yn arbennig a oedd yn ddymunol iawn mewn un gân yn y Wyddeleg na chlywais
i erioed o’r blaen. Dyma fy fersiwn i ohonynt:
"Y sêr bychain yn y nefoedd fry
Y Fe a’u taniodd yn nerth eu bri... "
Fe es i adref o dan gwawl!
Ar oíche Chéadaoine 14 Nollag 2005, bhí sé de
phribhléid agam a bheith i láthair ag ceiliúradh na Nollag
i nGaelscoil Uí Chéadaigh, Bré, Contae Chill Mhantáin, Éire.
Bhí cór speisialta na aíonán ann le amhráin agus carúil na Nollag
Bhí dhá líne thar a bheith aoibhinn in amhrán nár
aithin mé. Thug mé aird faoi leith orthu:
"Na réaltaí beagaí ins an aer
Ba É a las iad go soiléir... "
Canon Seán Kearney, formerly of St. Mary’s Priory, Merthyr Tydfil, Wales, and now living in
retirement in Ireland, takes another look at the Christmas Crib.
No Room at the Inn
The Reverend Denzil John of Cardiff again throws down the Christmas gauntlet.
Death at Christmas
There were precious few carols or Christmas trees in Skibbereen during Ireland’s Great Famine
(1845–1849) as this account of a time of utter wretchedness by teacher and local historian Patrick
The Huron Carol
This was the first Christmas carol to be written in Canada. Its author, Father Jean de Brebeuf
(1593–1649), was a missionary among the Huron in what was then called ‘New
France’. Captured and killed by the Iroquois in March 1649 he was canonised as a martyr in 1930.
His carol was written in Huron. About 100 years passed before it first appeared
A further two centuries were to pass before it was translated into its familiar
Christmas in the Cameroon A sermon for Christmas 2002 by Christopher Hancock of Cardiff, who was then studying with the Mill Hill
Fathers to be a missionary priest. He was ordained in June 2004 at St. Mary of the Angels Church, Canton,
Jimeen and the Gander
A delightfully humorous childhood memory of a long distant Christmas Day in County Kerry, Ireland, from
Jimín Mháire Thadhg, the classic story of childhood by Pádraig Ó
Siocfhradha (1883–1964), better known as ‘An Seabhac’(‘The Hawk’).
In Irish with a translation into English.
Remembrance of Christmas Past
"Then on Christmas Eve the same year I was on night shift but although it was
wartime we were to have a break of a couple of days – perhaps it was only one –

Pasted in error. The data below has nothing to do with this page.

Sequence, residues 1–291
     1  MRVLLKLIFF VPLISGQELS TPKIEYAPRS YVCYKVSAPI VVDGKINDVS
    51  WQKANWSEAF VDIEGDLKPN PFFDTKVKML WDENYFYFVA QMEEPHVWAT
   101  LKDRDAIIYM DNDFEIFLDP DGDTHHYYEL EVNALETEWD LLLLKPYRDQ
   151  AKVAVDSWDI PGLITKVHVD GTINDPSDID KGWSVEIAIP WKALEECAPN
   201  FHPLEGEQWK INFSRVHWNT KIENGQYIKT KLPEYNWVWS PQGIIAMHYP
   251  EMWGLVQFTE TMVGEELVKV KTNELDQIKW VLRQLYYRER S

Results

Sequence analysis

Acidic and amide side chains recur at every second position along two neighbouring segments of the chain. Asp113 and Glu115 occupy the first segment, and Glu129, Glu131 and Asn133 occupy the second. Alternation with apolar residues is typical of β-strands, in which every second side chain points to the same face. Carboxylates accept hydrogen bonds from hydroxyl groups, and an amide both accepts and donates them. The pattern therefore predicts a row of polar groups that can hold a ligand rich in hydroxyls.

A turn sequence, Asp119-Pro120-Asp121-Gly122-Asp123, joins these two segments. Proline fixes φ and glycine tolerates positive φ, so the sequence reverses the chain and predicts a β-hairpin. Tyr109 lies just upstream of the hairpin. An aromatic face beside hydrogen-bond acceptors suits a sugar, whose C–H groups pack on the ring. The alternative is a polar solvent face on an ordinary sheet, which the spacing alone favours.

so I was having at least the Christmas Eve shift off..." An account of a bittersweet Christmas Eve in wartime Belfast by Samuel H. Boyd, Cwmbran,
Out for the ‘Cure’
Kerryman Maidhc Dainín Ó Sé was in his late teens while working in London in the
This is his story of how he spent one Christmas there. In Irish with a translation into English.
A Naoidhe Naoimh / O Holy Child
A poem for Christmas by Aodh Mac Aingil (1571–1626), a Franciscan from County Down who died in
Rome five months after being appointed Archbishop of Armagh.
The Pope said: “It is an angel, not a man, we have lost.”
This heartfelt and very personal piece is considered to be one of Ireland’s most tender and personal
Christmas Mass during Ireland’s Penal Days
A brief introduction to a painting showing a group of people hearing Mass as dawn
breaks on Christmas Day in eighteenth century Ireland. The priest is saying the Mass at a ‘Mass
rock’ high up in the snow‑covered hills. As he elevates the consecrated host the lookouts warn
of the approach of a group of armed redcoats...
This Christmas poem by Nancy Kelleher recalling Christmas Eve in Ireland
long ago is from an undated copy of Contact, a community magazine
published every year at Christmas in Rusheen, Coachford, County Cork.
The book, To School through the Fields, by Alice Taylor has sold more copies than any title in Irish
publishing history. She ends this wonderful book with her memories of Christmas in County Cork in the 1940s.
“The Wiree sang that Christmas Day...” in the golden sun of an Australian summer more than
a hundred years
ago as famously and poignantly remembered in verse by ‘John O’Brien’ (i.e.: Fr.
Joseph Hartigan, 1878–1952) in his classic collection, Around the Boree Log.
The late Tom MacDonald tells how he, the Welsh‑born son of Irish tinkers who had found a permanent
in a rural village in Carmarthenshire before the First World War, won the medal for a recitation in Welsh at a
chapel eisteddfod during the Christmas season.